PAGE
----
Thom is a two-time Lambda Literary Award nominee and the winner of the 2017 Dayne Ogilvie Prize for Emerging LGBTQ Writers, but many readers will know her best as agony aunt for the Canadian LGBTQ online magazine Xtra, where earlier versions of some of these essays first appeared. She is also a social worker. If Thom is critical of queer activist spaces, it is because she is of them, having grown up in the Queerlandias of Montreal, Toronto and the internet.

“In queer community, we already know why our people die: we are killed by homophobia and transphobia,” Thom writes. “What we do not know is why we hurt each other – physically, psychologically, and sexually.”

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Thom’s book outlines how attempts to confront this violence with “purity politics” – the refusal to acknowledge that we are, all of us, morally compromised creatures – has only cannibalized an already marginalized group (and yes, despite individual successes, queer people are still marginalized in Canada today). A cycle in which known abusers are allowed to act with impunity, only to be later called out and shunned in fits of performative outrage isn’t justice, and it does nothing to stop the harmful behaviour from happening in the first place. We live in what feel like end times, as the subtitle to this book reminds us. We need a better approach to conflict.

Thom’s book does not provide concrete solutions, but it is hard to disagree with her conclusion. A process that chooses love and healing for all parties, and recognizes the complexity of human relationships, would be better than a mode that prioritizes retribution and sees the world in absolutes.

An undercurrent runs through Thom’s and Machado’s books: the knowledge that so many people already hate us that our basic human rights are considered up for debate. In this context, abuse – but also the acknowledgment of abuse – feels like bad PR. Nevertheless, after years of immersion in the significant but limited #MeToo discourse, both these books come as a relief.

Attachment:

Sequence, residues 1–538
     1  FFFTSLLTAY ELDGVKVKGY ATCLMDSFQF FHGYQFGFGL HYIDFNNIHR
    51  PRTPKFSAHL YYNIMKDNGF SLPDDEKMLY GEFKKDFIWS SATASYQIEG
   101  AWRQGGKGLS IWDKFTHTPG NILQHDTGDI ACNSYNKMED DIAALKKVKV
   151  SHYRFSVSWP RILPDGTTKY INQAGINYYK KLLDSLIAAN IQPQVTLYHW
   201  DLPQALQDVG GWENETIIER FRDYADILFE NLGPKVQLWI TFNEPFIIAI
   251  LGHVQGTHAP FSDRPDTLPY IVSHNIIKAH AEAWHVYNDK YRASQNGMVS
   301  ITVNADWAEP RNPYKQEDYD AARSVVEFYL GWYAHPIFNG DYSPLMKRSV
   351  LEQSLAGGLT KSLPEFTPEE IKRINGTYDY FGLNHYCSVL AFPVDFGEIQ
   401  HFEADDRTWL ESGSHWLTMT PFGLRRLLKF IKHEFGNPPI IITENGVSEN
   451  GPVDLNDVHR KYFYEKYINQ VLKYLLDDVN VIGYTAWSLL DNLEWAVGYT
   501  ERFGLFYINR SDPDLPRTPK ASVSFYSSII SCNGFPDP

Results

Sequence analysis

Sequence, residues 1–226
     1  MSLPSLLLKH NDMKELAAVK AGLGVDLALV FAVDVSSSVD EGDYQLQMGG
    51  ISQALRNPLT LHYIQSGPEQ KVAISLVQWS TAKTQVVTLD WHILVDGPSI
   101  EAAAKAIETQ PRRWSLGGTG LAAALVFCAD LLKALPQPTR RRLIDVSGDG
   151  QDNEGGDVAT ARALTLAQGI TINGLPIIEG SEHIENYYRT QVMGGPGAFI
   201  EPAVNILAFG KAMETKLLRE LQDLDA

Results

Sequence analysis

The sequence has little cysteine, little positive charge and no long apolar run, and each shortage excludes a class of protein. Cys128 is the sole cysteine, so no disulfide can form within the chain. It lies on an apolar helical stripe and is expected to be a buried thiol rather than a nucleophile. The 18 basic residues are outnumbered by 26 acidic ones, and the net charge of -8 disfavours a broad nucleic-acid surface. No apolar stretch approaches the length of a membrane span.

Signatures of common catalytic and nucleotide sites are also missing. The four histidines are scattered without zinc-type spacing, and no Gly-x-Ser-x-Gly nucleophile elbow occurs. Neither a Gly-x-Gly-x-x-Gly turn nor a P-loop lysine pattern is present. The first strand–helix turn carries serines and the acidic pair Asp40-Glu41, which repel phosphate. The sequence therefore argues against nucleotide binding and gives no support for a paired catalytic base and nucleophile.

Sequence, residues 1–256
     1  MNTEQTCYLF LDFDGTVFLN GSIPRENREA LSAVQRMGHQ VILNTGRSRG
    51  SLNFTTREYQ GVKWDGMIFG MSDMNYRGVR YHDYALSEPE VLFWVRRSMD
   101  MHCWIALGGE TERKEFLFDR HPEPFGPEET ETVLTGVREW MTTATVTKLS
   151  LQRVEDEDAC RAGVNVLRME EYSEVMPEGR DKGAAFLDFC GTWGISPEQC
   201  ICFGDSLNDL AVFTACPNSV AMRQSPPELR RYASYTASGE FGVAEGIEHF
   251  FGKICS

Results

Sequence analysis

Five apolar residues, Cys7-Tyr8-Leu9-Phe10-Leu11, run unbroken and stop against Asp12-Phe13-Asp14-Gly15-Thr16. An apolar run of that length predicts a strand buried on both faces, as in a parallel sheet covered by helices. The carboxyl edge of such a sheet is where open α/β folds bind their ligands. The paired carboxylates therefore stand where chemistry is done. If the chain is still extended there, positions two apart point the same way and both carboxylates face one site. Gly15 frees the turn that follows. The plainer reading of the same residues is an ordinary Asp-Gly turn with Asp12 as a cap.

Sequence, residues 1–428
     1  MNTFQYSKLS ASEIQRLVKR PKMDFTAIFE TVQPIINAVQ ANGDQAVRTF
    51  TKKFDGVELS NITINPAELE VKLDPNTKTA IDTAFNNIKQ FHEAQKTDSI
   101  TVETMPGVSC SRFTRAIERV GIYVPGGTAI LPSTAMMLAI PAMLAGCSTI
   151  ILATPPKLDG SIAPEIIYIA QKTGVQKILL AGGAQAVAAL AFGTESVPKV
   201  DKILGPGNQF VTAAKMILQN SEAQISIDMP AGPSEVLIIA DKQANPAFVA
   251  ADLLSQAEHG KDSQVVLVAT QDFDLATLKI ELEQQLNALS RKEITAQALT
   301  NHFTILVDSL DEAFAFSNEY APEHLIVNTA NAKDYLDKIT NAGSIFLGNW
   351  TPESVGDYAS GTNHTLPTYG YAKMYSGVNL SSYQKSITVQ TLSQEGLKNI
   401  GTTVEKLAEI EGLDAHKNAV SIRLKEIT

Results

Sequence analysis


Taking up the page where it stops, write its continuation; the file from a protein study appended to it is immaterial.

Still, I wonder why it took till 2019 for me to come across such a direct address to this topic. Thom writes, “I can attest that public call-outs of queer perpetrators of sexual violence have been going on since long before the mainstream, heterosexual #MeToo moment began.”

Meanwhile, Machado points to a body of literature about lesbian intimate partner abuse that goes back to the early 1980s. Particularly reading In the Dream House, I wonder about the waves of erasure that leave every generation to start this conversation anew.

A parting gift of these books is I am now reconsidering the shared elements of fable and myth in Machado’s and Thom’s fiction and poetry where I hadn’t considered these authors particularly connected before. In the Dream House shows how our fundamental building blocks of story, which might swerve into the fantastic, capture the essence of a world that is often violent and unjust, but also marvellous.

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Thom writes about the resonance she finds in a line from poet Amber Dawn: “Lying is the work of those who have been taught that their truths have no value.” Thom is talking here about lying as a means of literal survival, but I also see in this quote an invitation. It invites us to read again the works of queer authors and find, hidden in the mythic and fabulous, the truths there are to be believed.